the fact remains that air drag seems to be more important for the lighter object because
gravity must be weaker for the lighter object. Furthermore, there is a very easy way to
realize that gravity is stronger for the heavier object, with no complications due to air
drag. Just try to lift the piece of paper and the pen, or even this table. It is obvious from
their weights that the force of gravity is weakest for the paper, that’s why we know
objects have different weights. So, if the force of gravity is so obviously stronger for
heavier objects, why shouldn’t they fall faster under the effect of gravity? The answer is
quite mysterious, even today in some fundamental sense, and we will try to understand it
only after we will have introduced Newton’s dynamics in Chapters 4 and 5.
Now let’s solve a problem:

Problem 48 (from the textbook):

A ball thrown vertically upwards is caught by the thrower after 2.00 seconds. Find:

a) The initial velocity of the ball


b) The maximum height the ball reaches

First of all, since this is a problem with constant acceleration, why not writing down the
three main equations we know we may have to use? Here they are (you are supposed to
either remember them or being able to derive them):

(1) v(t) = v0 + g t

(2) y(t) = y0 + v0 t + g t2 / 2

(3) v(t)2 = v02 + 2 g (y(t) – y0)

where I have used a = g and x = y. All I need to know when I use these equations is that

g = - 9.8m/s2.

Then we can make a little sketch of this problem, from which it is obvious that the ball
starts from the ground and come back to the ground (we will neglect the height of the
thrower…), so the given quantities are the initial and final positions, and the time, which
we write down:

y0 = 0.00 m
y(t) = 0.00 m
t = 2.00 s
g = -9.8 m/s2

Since we are given the time, we will not use equation (3) that does not even depend on
time (that equation would simply tell us that the final velocity when the ball is caught is
exactly the same as the initial velocity when it is thrown, because y(t) = y0).

To find the initial velocity, v0, we cannot use equation (1) either, because we don’t know
v(t), so let’s use equation (2), and let’s substitute the values of what is known, with the
correct sign, and let’s drop the units (m and s) during intermediate steps, since it is all in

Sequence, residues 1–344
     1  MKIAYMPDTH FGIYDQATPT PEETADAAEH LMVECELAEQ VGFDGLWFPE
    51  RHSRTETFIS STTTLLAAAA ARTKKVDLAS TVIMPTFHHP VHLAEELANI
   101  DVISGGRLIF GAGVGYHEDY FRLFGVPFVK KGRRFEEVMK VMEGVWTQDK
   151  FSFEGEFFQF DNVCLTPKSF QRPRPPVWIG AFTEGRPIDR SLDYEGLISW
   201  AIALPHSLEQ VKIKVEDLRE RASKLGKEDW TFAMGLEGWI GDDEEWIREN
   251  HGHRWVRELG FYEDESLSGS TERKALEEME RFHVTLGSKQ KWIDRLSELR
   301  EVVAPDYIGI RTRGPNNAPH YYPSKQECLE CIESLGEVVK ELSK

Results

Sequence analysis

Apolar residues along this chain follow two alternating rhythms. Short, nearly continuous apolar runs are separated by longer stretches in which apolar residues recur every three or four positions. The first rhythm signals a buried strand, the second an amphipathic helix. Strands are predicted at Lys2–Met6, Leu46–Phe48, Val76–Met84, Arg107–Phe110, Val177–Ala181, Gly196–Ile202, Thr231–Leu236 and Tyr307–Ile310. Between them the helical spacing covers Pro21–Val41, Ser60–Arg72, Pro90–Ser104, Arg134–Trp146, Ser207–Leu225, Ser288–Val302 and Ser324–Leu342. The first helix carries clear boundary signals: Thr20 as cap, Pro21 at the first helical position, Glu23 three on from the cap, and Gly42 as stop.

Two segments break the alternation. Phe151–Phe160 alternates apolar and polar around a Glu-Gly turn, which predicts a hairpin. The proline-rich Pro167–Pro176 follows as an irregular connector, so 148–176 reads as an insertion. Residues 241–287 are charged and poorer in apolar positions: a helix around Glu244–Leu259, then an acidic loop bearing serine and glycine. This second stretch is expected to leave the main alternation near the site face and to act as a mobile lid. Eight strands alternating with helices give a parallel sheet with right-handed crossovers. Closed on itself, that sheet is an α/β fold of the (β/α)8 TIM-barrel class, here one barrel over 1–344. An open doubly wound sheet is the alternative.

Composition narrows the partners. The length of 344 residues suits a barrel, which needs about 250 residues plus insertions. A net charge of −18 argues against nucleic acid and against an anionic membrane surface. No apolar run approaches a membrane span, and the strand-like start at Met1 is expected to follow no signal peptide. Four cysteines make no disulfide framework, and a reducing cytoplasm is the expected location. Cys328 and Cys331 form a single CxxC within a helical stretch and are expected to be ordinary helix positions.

the SI system:

0 = 0 + v0 * 2.00 – 9.80 * 2.002 / 2 ⇒ v0 = 9.8 m/s

And the positive sign of the answer is correct, because the ball is thrown upwards.
To find the maximum height, you have to understand that the maximum height is the
place where the ball stops moving upwards, so its velocity is zero. You may guess
(correctly) that it will happen at t = 1 s, but you don’t even need that guess, because
equation (3) relates position and velocity without having to know the time. So let’s use
equation (3), with v(t) = vmax = 0:

0 = 9.82 + 2*(-9.8)*(ymax - 0) ⇒ ymax = 4.9 m

Let’s now solve the same problem in a completely different way:

Part a:

Equation (3) gives:

v(t)2 = v02 + 2*(– 9.8) (0 - 0 ) ⇒ v(t)2 = v02

⇒ v(t) = ± v0

Given our choice of coordinate system, v0 must be positive and v(t) negative, so:

v(t) = - v0

so the final velocity when the ball reaches the thrower again is the same (but with
opposite sign) as the initial velocity at which the ball was thrown. Then substitute this
result into equation 1:

- v0 = v0 – 9.8*2 ⇒ v0 = 9.8 m/s

the same result as before.

Part b:

We can use equation (1) to find the time when the ball reaches the maximum height:

0 = 9.8 -9.8*tmax ⇒ tmax = 1 s

as we had guessed because the motion on the way back is exactly the same as the motion
on the way up, with the sign of the velocity reversed. Since we know the time, we can
now use equation (2):

ymax = 0 + 9.8*1 – 9.8 *12 / 2 ⇒ ymax = 4.9 m

as we had obtained before.


What we have learned by solving part b in this new way, is that the ball reaches the
maximum height during half of the time it takes it to go up and down again. This is
obvious from the symmetry of the graph of velocity versus time:

v0

1s 2s
t

-v0